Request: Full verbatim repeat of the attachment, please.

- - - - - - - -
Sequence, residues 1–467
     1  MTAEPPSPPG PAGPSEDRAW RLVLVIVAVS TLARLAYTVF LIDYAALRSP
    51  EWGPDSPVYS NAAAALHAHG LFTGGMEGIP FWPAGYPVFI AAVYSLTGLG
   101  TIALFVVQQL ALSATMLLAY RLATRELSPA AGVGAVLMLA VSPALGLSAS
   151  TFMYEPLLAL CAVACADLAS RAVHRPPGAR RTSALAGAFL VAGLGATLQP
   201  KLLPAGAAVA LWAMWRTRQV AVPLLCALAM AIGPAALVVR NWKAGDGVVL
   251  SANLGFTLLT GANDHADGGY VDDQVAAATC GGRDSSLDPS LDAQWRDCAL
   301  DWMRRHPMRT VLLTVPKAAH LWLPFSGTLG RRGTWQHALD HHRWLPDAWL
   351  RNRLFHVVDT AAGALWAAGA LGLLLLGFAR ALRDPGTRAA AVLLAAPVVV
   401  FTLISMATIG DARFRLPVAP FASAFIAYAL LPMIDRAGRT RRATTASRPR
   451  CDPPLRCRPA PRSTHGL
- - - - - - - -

Sequence, residues 1–467
     1  MTAEPPSPPG PAGPSEDRAW RLVLVIVAVS TLARLAYTVF LIDYAALRSP
    51  EWGPDSPVYS NAAAALHAHG LFTGGMEGIP FWPAGYPVFI AAVYSLTGLG
   101  TIALFVVQQL ALSATMLLAY RLATRELSPA AGVGAVLMLA VSPALGLSAS
   151  TFMYEPLLAL CAVACADLAS RAVHRPPGAR RTSALAGAFL VAGLGATLQP
   201  KLLPAGAAVA LWAMWRTRQV AVPLLCALAM AIGPAALVVR NWKAGDGVVL
   251  SANLGFTLLT GANDHADGGY VDDQVAAATC GGRDSSLDPS LDAQWRDCAL
   301  DWMRRHPMRT VLLTVPKAAH LWLPFSGTLG RRGTWQHALD HHRWLPDAWL
   351  RNRLFHVVDT AAGALWAAGA LGLLLLGFAR ALRDPGTRAA AVLLAAPVVV
   401  FTLISMATIG DARFRLPVAP FASAFIAYAL LPMIDRAGRT RRATTASRPR
   451  CDPPLRCRPA PRSTHGL